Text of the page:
Carter’s Commission offered the foundation for a more peaceful, healthy, and prosperous future, and Congress ignored it. Welcome to the world we have today! Later commissions on national security offered similar wisdom. But the most recent is also the most insightful and specific.
In June 2015, the Commission on Global Security, Justice and Governance released a report titled Confronting the Crisis of Global Governance. The Commission, co-chaired by former U.S. Secretary of State Madeline Albright and former UN Under-Secretary General for Political Affairs Ibrahim Gambari, offered a two-word conclusion: “just security.” From the Commission’s perspective, without global justice we will have no security. It should be obvious to all that the systems and structures should have been strengthened decades ago. Instead, they remain incapable of managing the growing array of the threats we see today.
No winner of this year’s U.S. presidential election will be able to change things, even with a House and Senate on her or his side, without urgent and substantial transformation of existing global systems and structures. If this new Commission’s recommendations are not taken seriously by the next U.S. president, by Congress, and by other leaders around the world, the craziness we see in the world today will only get worse.
“Urgency” is too lax a word in calling for action given the three simple but profoundly related factors:
- the exponential growth of technology with unprecedented power;
- the tendency of U.S. voters and candidates to think only of short-term national interests; and
- the absence of any global police force, enforceable human rights, or adequate living standards.
Imagine what Syria would look like today if its leadership had been held accountable for the hunger of those farmers who migrated to the capital because of the destabilizing impact of a three-year drought.
Wars, terrorism, climate change, and pandemics are all related to hunger, as both cause and consequence. We are immune to none of these threats, regardless of income level, race, nationality, or political party. Until we understand this basic reality as did those who drafted and unanimously approved the Universal Declaration of Human Rights after the horrors of World War II, we will never achieve peace, security, or prosperity for ourselves or our children.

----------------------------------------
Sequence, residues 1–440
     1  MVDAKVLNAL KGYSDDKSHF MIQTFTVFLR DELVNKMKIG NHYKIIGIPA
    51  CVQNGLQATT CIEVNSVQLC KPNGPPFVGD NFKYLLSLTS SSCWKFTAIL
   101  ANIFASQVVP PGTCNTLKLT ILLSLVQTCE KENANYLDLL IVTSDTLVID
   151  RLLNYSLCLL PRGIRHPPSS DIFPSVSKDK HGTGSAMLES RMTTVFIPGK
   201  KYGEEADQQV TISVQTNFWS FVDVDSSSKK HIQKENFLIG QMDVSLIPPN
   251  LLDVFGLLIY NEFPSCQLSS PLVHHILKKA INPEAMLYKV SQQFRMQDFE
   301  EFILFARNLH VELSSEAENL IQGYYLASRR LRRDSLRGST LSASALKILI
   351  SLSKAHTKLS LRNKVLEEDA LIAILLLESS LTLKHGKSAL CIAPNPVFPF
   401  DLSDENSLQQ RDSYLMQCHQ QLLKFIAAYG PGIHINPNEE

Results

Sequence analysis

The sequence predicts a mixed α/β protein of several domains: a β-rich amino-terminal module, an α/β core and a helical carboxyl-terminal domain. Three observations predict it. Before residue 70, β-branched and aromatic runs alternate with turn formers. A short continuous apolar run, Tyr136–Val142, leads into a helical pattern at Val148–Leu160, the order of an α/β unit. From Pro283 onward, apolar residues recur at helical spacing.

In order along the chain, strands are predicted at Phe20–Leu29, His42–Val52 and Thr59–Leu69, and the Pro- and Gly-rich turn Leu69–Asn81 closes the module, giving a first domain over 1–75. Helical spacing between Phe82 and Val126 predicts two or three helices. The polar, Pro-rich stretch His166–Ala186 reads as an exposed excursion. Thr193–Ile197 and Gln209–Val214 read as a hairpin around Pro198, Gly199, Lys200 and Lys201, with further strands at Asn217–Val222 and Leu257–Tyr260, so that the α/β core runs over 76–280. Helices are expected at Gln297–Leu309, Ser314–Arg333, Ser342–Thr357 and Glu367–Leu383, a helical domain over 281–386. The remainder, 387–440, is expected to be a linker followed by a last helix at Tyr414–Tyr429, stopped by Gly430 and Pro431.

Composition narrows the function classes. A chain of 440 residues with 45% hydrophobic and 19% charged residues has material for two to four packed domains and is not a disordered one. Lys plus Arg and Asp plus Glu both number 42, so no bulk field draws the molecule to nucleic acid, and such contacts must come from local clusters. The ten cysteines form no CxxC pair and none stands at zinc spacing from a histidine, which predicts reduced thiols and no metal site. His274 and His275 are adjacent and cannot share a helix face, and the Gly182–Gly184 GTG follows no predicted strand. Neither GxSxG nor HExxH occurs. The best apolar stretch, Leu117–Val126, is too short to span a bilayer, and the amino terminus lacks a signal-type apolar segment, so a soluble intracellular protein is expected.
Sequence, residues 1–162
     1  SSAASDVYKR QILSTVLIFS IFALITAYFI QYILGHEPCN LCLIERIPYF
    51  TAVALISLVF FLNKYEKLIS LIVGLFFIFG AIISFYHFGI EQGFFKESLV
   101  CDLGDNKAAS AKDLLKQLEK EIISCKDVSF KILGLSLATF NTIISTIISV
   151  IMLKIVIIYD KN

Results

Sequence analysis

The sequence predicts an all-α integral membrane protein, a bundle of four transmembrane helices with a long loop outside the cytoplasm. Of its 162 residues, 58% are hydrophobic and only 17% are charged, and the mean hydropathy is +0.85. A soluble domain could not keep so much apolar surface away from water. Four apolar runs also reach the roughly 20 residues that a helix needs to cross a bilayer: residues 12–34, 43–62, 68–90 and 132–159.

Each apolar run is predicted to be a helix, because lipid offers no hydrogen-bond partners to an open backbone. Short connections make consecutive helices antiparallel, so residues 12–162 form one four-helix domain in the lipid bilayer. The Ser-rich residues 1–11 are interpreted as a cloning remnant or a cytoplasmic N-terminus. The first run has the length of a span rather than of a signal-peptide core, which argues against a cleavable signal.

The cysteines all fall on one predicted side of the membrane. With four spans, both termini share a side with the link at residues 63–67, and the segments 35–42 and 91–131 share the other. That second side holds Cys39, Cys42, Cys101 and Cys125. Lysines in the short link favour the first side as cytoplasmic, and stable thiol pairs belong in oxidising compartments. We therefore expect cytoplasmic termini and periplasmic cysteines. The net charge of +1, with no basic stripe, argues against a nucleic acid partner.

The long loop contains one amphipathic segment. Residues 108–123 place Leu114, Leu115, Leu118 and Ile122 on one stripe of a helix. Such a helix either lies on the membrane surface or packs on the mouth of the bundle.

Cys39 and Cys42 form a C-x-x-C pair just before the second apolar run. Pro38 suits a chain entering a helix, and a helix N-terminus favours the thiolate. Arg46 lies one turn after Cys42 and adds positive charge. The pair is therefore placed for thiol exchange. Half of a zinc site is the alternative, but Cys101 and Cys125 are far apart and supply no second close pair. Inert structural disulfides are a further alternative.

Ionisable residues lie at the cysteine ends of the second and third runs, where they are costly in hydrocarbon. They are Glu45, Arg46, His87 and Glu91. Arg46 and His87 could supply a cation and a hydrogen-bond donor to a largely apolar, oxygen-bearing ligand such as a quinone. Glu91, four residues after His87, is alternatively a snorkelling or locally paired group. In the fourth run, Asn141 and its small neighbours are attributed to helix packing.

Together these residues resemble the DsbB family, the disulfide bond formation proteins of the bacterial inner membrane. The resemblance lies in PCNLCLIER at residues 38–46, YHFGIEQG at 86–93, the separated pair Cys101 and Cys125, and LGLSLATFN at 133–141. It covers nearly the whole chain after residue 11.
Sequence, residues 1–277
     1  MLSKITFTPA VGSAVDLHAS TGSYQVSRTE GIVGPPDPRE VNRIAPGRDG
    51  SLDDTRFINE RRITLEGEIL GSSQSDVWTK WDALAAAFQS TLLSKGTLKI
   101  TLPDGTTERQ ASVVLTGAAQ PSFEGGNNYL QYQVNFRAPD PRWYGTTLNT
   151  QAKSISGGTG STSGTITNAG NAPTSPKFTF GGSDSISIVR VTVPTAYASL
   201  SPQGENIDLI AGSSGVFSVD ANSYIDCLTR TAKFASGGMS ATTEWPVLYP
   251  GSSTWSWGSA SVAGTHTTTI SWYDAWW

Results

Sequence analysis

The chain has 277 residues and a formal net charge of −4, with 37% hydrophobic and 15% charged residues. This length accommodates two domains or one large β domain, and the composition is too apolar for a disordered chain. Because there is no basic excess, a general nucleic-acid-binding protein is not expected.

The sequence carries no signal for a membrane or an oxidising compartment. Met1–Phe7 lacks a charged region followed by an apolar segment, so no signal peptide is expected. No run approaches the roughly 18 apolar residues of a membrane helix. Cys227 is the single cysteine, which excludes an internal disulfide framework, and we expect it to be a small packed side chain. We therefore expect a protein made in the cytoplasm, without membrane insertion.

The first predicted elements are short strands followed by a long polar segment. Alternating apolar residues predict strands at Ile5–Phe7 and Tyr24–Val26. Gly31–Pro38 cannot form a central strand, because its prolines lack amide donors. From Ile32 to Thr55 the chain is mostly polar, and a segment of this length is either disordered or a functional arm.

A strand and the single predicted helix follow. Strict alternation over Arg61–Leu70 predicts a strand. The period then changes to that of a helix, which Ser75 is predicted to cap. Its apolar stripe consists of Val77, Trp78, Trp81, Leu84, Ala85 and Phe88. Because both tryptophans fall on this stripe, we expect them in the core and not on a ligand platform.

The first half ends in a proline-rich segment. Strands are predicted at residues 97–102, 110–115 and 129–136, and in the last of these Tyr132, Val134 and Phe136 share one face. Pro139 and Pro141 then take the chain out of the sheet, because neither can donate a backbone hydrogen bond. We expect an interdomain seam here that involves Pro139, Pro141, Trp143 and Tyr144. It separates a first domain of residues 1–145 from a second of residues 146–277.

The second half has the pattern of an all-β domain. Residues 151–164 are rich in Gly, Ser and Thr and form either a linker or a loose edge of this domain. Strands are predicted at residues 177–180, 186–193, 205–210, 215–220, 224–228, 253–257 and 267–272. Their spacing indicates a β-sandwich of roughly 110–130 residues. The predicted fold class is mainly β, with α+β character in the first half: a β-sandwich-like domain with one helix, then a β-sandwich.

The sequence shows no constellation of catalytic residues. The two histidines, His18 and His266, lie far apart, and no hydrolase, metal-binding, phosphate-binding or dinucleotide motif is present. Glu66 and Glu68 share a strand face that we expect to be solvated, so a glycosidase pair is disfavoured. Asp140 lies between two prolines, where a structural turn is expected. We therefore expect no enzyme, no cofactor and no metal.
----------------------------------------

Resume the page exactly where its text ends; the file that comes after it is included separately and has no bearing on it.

Chuck Woolery was the first Director of the Alliance for Child Survivaland cofounded "The Global Connections Foundation. He worked with the Global Health Council, the Action Board of the American Public Health Association and as Chair of the United Nations Association Council of Organizations. In 1998, the World Federalist Association hired Chuck as Issues Director. A year after 9-11, he left WFA and became active on the editorial board of the World Hunger Education Service and a school construction project in Haiti. He now speaks frequently regarding global threats and solutions to large groups of students and teachers, visiting Washington DC through the Close Up Foundation. He lives with his wife, children and assorted pets, in Rockville, Maryland and is working on his book, The Trilemma: Maximizing freedom and security in an interdependent world. This article was originally published on Citizens for Global Solutions.